160

24–153

5.19E-31

cl17157

major allergen alt

KNG47745.1

specific

36

51–86

1.75E-07

cd00118

hypothetical protein TW65_05484

KNG46314.1

specific

101

29–89

1.04E-20

pfam06766

hypothetical protein TW65_86951

Discussion

In nature, plant pathogens have evolved quite distinct and specialised strategies for attacking plants. Many pathogens secrete a number of proteins to facilitate infection by interfering with host cellular functions and by inducing host responses [3740]. It is of great importance to study the quantity, type and characteristics of secreted proteins in pathogens. Advances in genomic information have provided great opportunities to identify putative secreted proteins in different fungal species.

Based on the 8997 ORFs in the S. lycopersici protein database, 511 (5.68%) proteins were predicted to be secreted using a set of bioinformatics tools. These putative secretory proteins were small proteins, and most were proteins of 100 to 600 aa with signal peptides of 16 to 21 aa. The highly conserved signal peptide length distribution suggested that their function is mediated by small differences in the type and sequences of the aa residues.

The abundances of 20 aa in S. lycopersici signal peptides were highly similar to those reported in several other pathogenic fungi, including C. lunata, Verticillium dahliae, Saccharomyces cerevisiae, P. infestans, and A. tumefaciens [19, 21, 36, 41]. Three aa, A, L, and S, were highly represented in the signal peptides. Numerous hydrophobic aa were present in the signal peptides of the putative secreted proteins. This kind of motif may be related to the characteristics of secreted proteins that facilitate signal peptide transport across the membrane [35]. Four major classes of amino-terminal signal peptides can be distinguished on the basis of the SPase recognition sequence. This sequence can help transport proteins to different parts of the cell. Thus, the aa sequence of the cleavage site is essential for SPase recognition. In this study, these sequences included 216 proteins that have a potential signal peptide with a SPase I cleavage site with an A-X-A motif. SPase I, also known as the leader peptidase (Lep), is essential for cell viability, and SPase deficiency results in the accumulation of precursors of secreted proteins [42, 43]. Although the cleavage sites were conserved, the signal peptides were highly evolved. The analysis showed that all 511 signal peptides were not identical in the aa sequence (data not shown), suggesting that each signal peptide may have specific functions.

BLAST2GO is a bioinformatics platform for high-quality functional annotation and analysis of genomic datasets. This program allows for analysis and visualization of newly sequenced genomes by combining state-of-the-art methodologies, standard resources and algorithms [30]. The large number of observed “metabolic process” proteins indicated that these secreted proteins might participate in metabolic processes that include both biosynthetic and catabolic processes. “Catalytic activity” and “binding activity” were the most represented stress-responsive categories, thus indicating that metabolic adjustments may be involved in the PHI process.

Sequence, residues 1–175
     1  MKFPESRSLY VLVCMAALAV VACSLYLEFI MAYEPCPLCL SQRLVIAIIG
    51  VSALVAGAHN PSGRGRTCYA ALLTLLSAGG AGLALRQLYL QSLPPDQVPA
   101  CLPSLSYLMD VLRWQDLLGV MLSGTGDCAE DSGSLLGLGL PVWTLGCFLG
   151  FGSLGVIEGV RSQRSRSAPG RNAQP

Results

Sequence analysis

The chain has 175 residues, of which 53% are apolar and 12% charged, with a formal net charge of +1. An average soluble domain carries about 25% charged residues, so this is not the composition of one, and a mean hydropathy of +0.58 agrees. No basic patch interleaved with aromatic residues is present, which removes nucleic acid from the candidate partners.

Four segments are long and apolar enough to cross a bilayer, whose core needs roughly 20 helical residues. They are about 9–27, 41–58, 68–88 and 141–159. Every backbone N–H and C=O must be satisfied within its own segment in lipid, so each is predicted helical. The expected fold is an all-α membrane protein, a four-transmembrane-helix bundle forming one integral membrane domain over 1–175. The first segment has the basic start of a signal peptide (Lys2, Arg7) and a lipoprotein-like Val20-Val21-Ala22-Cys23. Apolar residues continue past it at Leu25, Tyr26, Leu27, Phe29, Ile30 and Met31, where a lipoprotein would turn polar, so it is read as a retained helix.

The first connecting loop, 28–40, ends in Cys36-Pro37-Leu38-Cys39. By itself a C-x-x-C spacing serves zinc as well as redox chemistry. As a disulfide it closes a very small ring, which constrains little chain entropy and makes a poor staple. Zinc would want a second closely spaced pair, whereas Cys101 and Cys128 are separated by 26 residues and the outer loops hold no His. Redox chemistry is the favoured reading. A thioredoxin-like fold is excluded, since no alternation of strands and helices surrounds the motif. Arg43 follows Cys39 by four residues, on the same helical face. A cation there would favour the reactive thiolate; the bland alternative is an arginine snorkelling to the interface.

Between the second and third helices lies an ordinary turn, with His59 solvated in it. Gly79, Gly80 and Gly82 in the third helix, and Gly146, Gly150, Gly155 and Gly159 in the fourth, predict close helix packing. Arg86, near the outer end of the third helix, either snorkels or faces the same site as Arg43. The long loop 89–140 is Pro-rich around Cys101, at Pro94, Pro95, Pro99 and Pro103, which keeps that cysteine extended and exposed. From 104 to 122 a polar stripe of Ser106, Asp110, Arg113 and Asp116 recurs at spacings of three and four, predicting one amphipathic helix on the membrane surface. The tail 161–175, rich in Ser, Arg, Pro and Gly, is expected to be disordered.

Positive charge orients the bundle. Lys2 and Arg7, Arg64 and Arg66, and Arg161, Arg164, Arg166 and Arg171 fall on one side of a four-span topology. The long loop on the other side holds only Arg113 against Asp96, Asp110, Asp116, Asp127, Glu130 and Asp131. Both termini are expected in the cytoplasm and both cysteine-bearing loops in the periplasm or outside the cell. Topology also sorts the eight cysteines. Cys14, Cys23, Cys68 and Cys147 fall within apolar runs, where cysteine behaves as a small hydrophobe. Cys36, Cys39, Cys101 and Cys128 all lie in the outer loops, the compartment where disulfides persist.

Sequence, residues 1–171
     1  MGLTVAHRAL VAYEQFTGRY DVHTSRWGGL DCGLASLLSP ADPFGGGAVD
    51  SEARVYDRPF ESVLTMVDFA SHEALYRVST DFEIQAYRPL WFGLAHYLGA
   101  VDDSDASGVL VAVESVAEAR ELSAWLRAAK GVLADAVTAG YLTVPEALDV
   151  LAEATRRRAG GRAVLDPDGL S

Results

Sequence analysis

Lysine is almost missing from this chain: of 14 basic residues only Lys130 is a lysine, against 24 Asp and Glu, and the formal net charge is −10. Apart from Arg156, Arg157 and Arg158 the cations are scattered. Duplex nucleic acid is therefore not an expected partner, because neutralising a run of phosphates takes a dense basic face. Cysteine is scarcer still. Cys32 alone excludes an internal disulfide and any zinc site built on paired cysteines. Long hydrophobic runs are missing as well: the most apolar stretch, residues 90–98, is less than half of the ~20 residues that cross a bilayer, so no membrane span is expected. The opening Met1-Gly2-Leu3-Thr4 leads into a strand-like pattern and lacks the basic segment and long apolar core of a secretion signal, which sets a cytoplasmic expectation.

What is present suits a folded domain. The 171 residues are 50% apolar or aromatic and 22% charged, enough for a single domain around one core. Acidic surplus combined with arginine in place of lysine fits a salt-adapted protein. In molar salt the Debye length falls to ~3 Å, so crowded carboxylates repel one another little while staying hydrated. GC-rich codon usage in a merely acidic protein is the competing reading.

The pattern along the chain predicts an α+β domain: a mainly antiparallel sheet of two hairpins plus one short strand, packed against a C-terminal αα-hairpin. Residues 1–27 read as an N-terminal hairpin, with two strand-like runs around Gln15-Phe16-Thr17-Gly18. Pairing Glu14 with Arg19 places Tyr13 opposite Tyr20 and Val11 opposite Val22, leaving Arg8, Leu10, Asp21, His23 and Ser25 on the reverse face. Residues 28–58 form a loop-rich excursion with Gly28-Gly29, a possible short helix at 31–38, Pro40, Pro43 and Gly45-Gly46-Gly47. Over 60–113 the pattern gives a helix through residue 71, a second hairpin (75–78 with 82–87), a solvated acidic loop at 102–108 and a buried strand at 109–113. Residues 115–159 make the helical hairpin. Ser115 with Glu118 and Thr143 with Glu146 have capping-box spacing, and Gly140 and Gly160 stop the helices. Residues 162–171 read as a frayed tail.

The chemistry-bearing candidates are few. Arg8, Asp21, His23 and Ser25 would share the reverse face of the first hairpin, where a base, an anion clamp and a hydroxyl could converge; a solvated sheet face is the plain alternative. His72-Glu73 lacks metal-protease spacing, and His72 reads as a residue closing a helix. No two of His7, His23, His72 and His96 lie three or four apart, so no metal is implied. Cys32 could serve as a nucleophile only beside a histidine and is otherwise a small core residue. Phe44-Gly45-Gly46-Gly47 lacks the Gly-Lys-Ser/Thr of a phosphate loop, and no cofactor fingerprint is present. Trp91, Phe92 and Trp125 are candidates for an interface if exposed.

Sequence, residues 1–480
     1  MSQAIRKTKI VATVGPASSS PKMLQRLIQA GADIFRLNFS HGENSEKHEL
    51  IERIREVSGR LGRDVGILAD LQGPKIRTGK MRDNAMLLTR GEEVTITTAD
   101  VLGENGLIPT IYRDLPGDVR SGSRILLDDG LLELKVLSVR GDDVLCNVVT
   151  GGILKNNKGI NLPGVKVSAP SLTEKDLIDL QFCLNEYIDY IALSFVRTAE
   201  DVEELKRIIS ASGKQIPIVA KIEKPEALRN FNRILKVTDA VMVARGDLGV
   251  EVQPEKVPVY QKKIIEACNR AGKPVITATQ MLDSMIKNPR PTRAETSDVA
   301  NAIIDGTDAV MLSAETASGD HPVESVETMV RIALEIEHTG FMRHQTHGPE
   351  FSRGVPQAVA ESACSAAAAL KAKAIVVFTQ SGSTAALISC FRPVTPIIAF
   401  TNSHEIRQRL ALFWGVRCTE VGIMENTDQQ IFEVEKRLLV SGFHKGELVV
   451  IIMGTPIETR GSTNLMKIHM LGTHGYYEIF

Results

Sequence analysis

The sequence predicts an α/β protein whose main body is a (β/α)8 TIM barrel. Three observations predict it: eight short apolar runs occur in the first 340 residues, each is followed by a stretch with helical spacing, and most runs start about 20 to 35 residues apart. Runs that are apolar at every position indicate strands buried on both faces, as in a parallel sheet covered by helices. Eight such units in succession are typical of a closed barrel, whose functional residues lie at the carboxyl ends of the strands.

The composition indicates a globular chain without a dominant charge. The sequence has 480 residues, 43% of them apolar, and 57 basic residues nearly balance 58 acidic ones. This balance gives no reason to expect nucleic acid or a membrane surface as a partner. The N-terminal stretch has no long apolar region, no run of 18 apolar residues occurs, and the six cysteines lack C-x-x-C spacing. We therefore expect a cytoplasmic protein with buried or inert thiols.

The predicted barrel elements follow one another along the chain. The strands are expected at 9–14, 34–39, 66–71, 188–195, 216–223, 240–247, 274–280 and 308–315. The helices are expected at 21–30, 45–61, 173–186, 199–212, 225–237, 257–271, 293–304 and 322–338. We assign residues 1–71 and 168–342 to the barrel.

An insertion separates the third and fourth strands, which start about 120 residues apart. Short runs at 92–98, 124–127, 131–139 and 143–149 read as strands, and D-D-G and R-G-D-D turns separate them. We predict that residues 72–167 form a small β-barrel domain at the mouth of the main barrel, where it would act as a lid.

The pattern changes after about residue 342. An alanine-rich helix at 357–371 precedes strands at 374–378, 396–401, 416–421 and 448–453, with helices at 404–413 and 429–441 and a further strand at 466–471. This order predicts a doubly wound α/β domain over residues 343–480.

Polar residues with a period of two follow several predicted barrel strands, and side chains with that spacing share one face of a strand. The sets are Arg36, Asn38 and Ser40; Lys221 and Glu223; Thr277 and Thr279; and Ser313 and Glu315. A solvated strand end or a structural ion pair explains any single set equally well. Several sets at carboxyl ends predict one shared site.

PHI-base catalogs experimentally verified pathogenic, virulence and effector genes into a web-accessible database [7, 8, 31]. This database can be used to find novel pathogenic genes in important pathogens, which may be potential targets for fungicides [31]. We predicted 159 PHI-related proteins using BLASTp. Thirteen genes were annotated as an “effector” using BLASTp with PHI-base, and the “effector” was reportedly required for direct or indirect recognition of a pathogen only in the resistant host genotype, which possesses the corresponding disease resistance gene [44]. Some fungal effectors were identified that directly and specifically contributed to eliciting immune responses, perturbing host cellular processes and causing programmed cell death [13, 37, 39, 45].

Plant pathogens may initially use cell wall-degrading enzymes to digest the surface layers of cell walls to facilitate penetration [46, 47]. CAZymes, which are grouped into six functional classes (GH, GT, PL, CE, CBM and AA), are involved in the biosynthesis and degradation of glycoconjugates and oligo- and polysaccharides. In addition, CAZymes play a central role in the synthesis and breakdown of the plant cell wall [46, 48]. The results of the analysis of S. lycopersici classical secretory proteins showed that 259 secretory proteins are predicted as CAZymes, accounting for 50.68% of the total secreted proteins. The GH, PL, and CE superfamilies, which accounted for 31.31% of the total secreted proteins, are also known as cell-wall-degrading enzymes (CWDE) due to their role in the disintegration of the plant cell wall by bacterial and fungal pathogens. Given the complexity of carbohydrate biochemistry and the broad range of hydrolytic activities involved in this process, it is unsurprising that the examined genome exhibits a considerable number of GHs, which have extremely detailed enzyme entries in the database [48, 49]. S. lycopersici-secreted proteins were especially rich in family GH5 protein models (33 homologs), which act on β-linked oligo- and polysaccharides and glycoconjugates [32, 49]. Most of these CAZymes were unequivocally involved in the biochemical pathways aimed at maintaining fungal metabolism.